In the right sense of the word I was very proud of my son, yesterday.
I was also proud of the church--my church.

Know that your labor is not in vain.

(PS: We haven't started posting messages online yet--If someone in our assembly wants to take the project on I'll be glad to talk with them--but we can send you a DVD of yesterday's message. Just write and let us know you want one.

Tuesday, May 19, 2009

I recently returned from a trip to visit some missionaries and works in which the Covington Bible Church is involved.

I was privileged to visit with Fred and Cindy Stromberg and their lovely kids. Cindy's time is pretty well occupied taking care of Isaiah and Anna.
Fred is seeking to establish churches in the small communities that surround Neuva Ocatapeque in Honduras.

These good looking kids are students at one of the schools where Fred is currently holding character classes. Fred's plan is to use these classes and other points of contact to gain a foothold in these communities.

This week, a family from our church is going down to help Fred and Cindy work on their house.

From Honduras I went to Ecuador, where Doug and Dorcas Williams work. It was a strange experience, because while I was up in the mountains of Norhtern Ecuador at Rio Verde worshipping with the Williams partners and the some of the Awa Believers, Doug was in Covington preaching at CBC.

It was great to hear Milton (pronounced "meal-tone" more or less) Milton was teaching the children's lesson, but was clearly challenging the adults as well concerning the story about Lazarus, the rich-man, and eternal destiny.

Doug is translating the Old-Testament into Awapit. He, Dorcas, Becky and Sarah will return to Ecuador this summer.

Actually, the official reason that I had for taking this trip was to be one of the speakers at the Bible/Pastors' Conference held at the Liebenzell Ecuador headquarters. The Eglesia Puente de Amor (Bridge of Love Church) in Ibarra, Ecuador, shares facilities with this LME. Bill Shuit, the Global Outreach Director for LMUSA, and George Hege, former GM Dir. and former Ecuadorian missionary were the other guest speakers. Edgar Luz, the field the director from LM Germany, did a great job organizing the conference, speaking at each morning's opening session, and translating for we gringos.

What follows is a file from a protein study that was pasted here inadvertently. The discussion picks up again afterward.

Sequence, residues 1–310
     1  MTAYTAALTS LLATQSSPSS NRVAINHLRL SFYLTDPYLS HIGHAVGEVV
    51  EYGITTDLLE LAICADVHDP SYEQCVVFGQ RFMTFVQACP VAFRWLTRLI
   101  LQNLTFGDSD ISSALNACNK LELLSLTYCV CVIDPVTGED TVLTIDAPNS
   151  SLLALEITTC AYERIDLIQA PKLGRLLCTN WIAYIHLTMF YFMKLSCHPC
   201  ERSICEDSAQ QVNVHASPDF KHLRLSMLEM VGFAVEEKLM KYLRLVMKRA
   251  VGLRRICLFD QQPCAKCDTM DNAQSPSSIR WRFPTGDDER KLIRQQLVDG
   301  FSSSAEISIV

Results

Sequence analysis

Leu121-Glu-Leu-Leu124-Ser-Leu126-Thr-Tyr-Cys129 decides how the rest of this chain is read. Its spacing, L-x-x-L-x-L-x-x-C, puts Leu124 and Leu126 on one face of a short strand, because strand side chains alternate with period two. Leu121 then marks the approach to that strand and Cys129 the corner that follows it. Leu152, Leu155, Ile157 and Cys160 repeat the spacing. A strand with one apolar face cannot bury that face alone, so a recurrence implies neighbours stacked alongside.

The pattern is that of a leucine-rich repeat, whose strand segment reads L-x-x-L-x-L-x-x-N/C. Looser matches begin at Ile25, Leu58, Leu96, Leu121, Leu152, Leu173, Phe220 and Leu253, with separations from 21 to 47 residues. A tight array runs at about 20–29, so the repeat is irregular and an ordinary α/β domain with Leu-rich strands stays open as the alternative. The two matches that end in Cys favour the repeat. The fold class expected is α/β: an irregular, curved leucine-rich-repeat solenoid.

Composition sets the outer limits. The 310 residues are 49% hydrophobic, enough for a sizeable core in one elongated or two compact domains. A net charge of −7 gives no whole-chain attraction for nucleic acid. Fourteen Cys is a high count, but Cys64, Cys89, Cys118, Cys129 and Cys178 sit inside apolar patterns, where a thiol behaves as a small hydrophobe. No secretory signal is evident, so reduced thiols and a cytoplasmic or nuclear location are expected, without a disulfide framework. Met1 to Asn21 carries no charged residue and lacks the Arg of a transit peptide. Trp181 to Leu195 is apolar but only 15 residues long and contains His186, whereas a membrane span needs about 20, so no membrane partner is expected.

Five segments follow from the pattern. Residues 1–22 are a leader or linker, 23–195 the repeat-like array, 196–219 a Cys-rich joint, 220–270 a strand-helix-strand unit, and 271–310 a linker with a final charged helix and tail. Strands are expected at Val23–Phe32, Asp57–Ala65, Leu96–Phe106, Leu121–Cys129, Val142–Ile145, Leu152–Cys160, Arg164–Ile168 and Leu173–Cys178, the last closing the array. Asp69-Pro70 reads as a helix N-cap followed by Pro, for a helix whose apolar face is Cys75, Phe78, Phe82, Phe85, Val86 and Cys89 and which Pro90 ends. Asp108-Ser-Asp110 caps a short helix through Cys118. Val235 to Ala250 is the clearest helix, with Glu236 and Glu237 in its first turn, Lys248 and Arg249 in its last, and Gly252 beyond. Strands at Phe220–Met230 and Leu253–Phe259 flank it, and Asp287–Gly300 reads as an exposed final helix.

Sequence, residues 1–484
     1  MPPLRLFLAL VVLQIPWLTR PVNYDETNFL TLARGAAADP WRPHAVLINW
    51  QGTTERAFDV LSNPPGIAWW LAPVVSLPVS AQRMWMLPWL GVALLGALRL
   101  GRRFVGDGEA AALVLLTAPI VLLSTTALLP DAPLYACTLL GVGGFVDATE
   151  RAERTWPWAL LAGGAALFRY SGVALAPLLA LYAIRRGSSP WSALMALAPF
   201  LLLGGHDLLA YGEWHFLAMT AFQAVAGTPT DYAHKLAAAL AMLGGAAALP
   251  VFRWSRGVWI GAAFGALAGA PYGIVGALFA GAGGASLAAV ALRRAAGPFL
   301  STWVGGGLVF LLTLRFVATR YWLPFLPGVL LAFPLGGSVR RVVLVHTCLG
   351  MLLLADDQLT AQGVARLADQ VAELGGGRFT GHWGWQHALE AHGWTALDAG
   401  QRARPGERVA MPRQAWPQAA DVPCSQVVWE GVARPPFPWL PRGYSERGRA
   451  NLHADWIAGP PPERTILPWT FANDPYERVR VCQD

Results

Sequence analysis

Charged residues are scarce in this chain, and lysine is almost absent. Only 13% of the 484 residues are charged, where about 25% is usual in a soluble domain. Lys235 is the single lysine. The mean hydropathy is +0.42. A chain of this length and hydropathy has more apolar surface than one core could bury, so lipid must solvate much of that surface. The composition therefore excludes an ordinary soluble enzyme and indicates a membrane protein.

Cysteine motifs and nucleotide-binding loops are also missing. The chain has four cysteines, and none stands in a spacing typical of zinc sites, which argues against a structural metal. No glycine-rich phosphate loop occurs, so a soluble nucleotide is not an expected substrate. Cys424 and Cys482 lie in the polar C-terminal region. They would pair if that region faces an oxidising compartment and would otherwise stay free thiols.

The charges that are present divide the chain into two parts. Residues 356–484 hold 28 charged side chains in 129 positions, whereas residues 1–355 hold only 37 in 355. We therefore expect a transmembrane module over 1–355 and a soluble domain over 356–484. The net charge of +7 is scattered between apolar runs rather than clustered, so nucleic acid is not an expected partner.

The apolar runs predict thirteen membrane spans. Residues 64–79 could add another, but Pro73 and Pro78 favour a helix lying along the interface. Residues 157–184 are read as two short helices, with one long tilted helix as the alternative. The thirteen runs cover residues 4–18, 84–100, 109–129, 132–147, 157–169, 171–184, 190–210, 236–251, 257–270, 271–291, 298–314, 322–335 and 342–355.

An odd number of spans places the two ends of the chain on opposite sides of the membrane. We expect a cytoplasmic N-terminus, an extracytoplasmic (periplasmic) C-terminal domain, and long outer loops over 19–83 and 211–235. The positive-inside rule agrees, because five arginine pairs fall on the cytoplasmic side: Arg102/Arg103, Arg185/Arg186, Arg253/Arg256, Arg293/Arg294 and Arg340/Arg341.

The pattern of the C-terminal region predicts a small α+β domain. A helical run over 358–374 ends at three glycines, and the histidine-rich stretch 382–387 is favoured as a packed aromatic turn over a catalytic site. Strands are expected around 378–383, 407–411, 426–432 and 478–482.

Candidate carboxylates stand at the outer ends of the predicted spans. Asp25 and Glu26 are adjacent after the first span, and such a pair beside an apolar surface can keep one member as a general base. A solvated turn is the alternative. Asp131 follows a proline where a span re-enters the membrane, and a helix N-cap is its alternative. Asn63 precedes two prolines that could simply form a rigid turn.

It was great to relate, with these fellow-shepherds from another part of the world, from the word of God, and about issues that are common no matter what language the sheep speak.

Below you can see me with the guys from Word of Life Ecuador, who had an offical presence there at the conference. My arm is around Carlos, a young man with an amazing voice. Pastor Wilman paid me a great compliment. He had heard me speak ten years or so ago, and came back to hear me again. Through the language barrier, he and I shared some concerns with one another.

Some of the pastors at the conference are very solid in their doctrinal stance. Others could use some help in that regard. I thank God that we were able to encourage them in that regard

While Liebenzell is a relatively small, little-known mission, at least in the US. We are doing a significant work in Ecuador.

I thank the Lord for being involved

Thursday, May 14, 2009

A Witness in a Needy Place:

Most days I read, or scan, Chuck Colson's Breakpoint commentary.
Today's was about the late Jack Kemp. I confess I mostly thought of Kemp when I was slaving over my income tax forms. His proposals for simplifying the tax system always look especially good on April 14 or 15.